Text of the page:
Tony Dungy once cut Lamar Thomas and saved him in the process. Getty Images
Getty Images

Hall of Fame coach Tony Dungy discussed a long-ago interview with an NFL owner that didn’t go well.

The owner wanted a fire-breathing, invective-spewing head coach/taskmaster who would keep players in line and drive them to win. That didn’t just beg the question of why the owner saw that as the ideal. It begged a more profound question: why would he think it was a promising idea to interview Dungy? This man’s faith-based and demurred style was the antithesis of some George Patton soundalike.

Still, the interview continued, and Dungy explained that spitting cuss words wasn’t his style. Dungy believed, as he always has, that if he built relationships on trust and respect, there would be a reciprocal effort from his players.

The owner was unconvinced, and the two parted company. Dungy became an influential figure as the first African American coach to lead a team to a Super Bowl victory and a best-selling author around self-motivation and personal growth. Moreover, he is something of the moral compass of the NFL.

And if the Super Bowl title wasn’t enough to prove the point, former NFL wide receiver Lamar Thomas will testify on Dungy’s behalf. Dungy has the text to prove it, and Thomas still is his acolyte.

Even though this is all based on Dungy having to cut Thomas in 1996.

Tony Dungy’s Story Cutting Lamar Thomas

Tony Dungy of the Tampa Bay Buccaneers looks on from the sidelines during a game against the Denver Broncos at the Raymond James Stadium in Tampa Bay, Florida.
Andy Lyons/Allsport/Getty Images

This is a story about how truth and integrity can work in the high-pressure world of the NFL. It’s a story that many NFL owners don’t really understand because they don’t understand the people who work for them or even the business they run.

In July 1996, police cited Thomas for domestic violence from an incident with his then-girlfriend and later wife. At the time, Dungy was in his first year as a head coach in Tampa Bay.


Dungy didn’t just cut Thomas on the spot. Dungy discussed it with his wife overnight and then called Thomas to the office the next day.

“He called me and started saying how he had prayed about it, and I thought, ‘Great, he prayed about it, I’m good,'” Thomas said. “Then he said, ‘I’m going to have to let you go.’ I was kind of stunned, but I couldn’t argue with him. I mean, he prayed about it. He talked to God.”

a man wearing a red hat and jacket raises his fist in victory on a football field
Jamie Squire/Allsport via Getty Images

RELATED: Tony Dungy & His Wife Have 10 Kids Together 

Earlier this month, Thomas recalled the meeting in more detail.

“Coach said to me, ‘Lamar, I’m a first-year Black coach, I have to set a precedent.’ I understood what he meant, even though I didn’t understand what precedent meant at the time. He had to set a tone, but he didn’t do it by screaming or yelling. He didn’t ‘MF’ me; he just said how it was going to be. He also told me that he was going to call every team in the league and tell them I could play and that he thought I deserved another chance,” Thomas said.

How Dungy Saved Thomas

Lamar Thomas celebrates in 1997.
Andy Lyons/Staff/Getty Images

Dungy did just that, and Thomas landed with Miami, where Jimmy Johnson was in his first year. At one point, Johnson saw Thomas and said, “Your boy Dungy was blowing up my phone to tell me to sign you.”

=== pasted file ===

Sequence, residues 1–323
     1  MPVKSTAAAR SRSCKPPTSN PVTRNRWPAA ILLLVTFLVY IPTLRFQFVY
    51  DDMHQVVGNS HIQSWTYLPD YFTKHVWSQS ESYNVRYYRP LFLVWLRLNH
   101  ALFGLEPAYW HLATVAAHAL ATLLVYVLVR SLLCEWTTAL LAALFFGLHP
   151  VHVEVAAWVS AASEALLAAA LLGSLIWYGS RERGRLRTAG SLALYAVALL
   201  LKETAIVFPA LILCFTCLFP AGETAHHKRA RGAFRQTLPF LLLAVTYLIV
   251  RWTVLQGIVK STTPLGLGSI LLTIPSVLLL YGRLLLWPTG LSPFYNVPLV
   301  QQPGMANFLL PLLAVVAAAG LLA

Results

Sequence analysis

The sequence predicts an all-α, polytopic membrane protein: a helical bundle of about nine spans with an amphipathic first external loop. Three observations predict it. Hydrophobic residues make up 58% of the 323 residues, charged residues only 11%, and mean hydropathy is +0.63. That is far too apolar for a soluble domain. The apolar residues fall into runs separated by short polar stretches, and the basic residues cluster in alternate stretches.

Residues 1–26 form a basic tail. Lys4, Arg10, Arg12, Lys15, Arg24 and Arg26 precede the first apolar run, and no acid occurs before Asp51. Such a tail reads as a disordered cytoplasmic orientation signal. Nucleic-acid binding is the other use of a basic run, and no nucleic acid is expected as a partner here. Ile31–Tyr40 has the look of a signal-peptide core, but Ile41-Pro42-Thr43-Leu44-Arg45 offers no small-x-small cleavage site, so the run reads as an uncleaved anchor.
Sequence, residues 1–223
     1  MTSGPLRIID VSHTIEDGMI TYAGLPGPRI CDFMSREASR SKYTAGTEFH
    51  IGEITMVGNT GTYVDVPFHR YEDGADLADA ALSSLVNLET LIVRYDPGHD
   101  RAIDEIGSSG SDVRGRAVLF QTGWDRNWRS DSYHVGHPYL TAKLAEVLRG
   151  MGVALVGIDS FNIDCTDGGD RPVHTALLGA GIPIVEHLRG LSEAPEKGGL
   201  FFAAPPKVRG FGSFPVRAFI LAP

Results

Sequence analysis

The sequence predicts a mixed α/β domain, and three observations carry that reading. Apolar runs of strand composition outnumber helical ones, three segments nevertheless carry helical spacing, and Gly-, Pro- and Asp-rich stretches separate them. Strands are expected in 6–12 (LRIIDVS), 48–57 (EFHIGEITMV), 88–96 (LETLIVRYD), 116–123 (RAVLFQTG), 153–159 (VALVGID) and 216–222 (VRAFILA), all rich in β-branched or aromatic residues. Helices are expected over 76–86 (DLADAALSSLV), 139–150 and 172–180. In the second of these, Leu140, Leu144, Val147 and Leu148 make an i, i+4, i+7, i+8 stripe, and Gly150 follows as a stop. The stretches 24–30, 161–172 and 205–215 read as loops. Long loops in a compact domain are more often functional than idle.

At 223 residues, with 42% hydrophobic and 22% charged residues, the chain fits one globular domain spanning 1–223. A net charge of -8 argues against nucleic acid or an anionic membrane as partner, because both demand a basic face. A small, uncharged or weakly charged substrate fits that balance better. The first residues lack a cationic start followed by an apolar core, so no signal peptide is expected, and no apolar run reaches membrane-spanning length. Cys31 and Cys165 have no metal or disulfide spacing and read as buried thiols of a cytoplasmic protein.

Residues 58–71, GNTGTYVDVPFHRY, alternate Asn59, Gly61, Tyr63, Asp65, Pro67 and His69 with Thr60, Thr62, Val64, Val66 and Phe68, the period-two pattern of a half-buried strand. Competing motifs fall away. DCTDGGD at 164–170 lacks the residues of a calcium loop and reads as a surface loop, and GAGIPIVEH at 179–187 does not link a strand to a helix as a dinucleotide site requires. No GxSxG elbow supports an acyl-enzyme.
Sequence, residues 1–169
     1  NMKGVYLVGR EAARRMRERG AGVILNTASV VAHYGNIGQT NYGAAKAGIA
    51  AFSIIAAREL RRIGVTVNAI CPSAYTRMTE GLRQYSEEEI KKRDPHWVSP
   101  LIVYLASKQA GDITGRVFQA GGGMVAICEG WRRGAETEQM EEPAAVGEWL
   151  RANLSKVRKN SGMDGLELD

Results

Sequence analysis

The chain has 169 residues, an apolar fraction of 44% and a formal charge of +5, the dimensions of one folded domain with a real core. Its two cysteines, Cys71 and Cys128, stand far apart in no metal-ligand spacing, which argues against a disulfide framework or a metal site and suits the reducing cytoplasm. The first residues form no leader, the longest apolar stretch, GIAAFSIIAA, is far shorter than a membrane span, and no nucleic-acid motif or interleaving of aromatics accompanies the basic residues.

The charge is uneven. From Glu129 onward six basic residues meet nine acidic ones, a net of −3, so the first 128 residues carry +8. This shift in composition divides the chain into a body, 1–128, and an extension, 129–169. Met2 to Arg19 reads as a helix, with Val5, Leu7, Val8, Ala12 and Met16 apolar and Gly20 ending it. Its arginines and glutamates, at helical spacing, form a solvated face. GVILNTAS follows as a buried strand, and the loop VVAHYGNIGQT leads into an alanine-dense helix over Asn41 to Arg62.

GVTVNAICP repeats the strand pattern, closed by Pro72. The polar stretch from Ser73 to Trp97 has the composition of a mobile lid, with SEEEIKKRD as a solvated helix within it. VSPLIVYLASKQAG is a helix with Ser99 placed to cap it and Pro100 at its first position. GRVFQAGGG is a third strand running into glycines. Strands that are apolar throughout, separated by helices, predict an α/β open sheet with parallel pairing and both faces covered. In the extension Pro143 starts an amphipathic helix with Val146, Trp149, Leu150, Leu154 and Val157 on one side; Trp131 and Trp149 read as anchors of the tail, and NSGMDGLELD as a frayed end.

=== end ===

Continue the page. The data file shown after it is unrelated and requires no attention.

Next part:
Yes, the guy who cut Thomas became his agent.

In 2018, more than 20 years after his release, Thomas sent Dungy a note of appreciation. Like Dungy, Thomas still has the text in his phone and sends it when asked.

“Coach Dungy this is Lamar Thomas. I just wanted to say thank you. You don’t even know how much of an impact you made on my life. The decision you made to release me after you and your wife prayed about it was the best thing that could’ve ever happened for me. You saved my life. It made me face the truth of where my life was going or could go if I didn’t change.?You were a man of your word; you called coaches and told them that I still could play. And in return, I got a chance to reach the potential that you saw in me. I became a coach to hopefully make the same positive impression on young men as you did me. Thank you and congratulations on all your success.”

More than 25 years after his release, Thomas looks back at the moment as a Godsend.

“I thank him for the move he made because it made me a better man. I tell kids now it’s about being a better man, and I tell them about what Coach Dungy did for me,” Thomas said.

Lamar Thomas celebrates during a Dolphins game in 1998.
Jed Jacobsohn/Allsport/Getty Images

Thomas’ transition wasn’t immediate. In 1997, he and his wife had more trouble and emotional flare-ups. At the same time, there are moments of success that Thomas has been able to draw upon for inspiration, such as the time he scored three touchdowns in a game or the time he has spent as a coach.


“Those episodes change your life,” Thomas said. “Coaches have to win games and get guys to play. I get that. I see it myself. But if you have a coach who is honest with you, even in the worst moments, you don’t know what that means to guys. I wish more coaches would think that way because when you do that, players will give you everything they got.”

MORE: The 10 Most Influential Black Athletes & Coaches in Sports History

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Jason Cole has covered the NFL since 1992 and has been a selector for the Pro Football Hall of Fame since 2012. He is the author of seven books, including the biography of John Elway (Elway: A Relentless Life).
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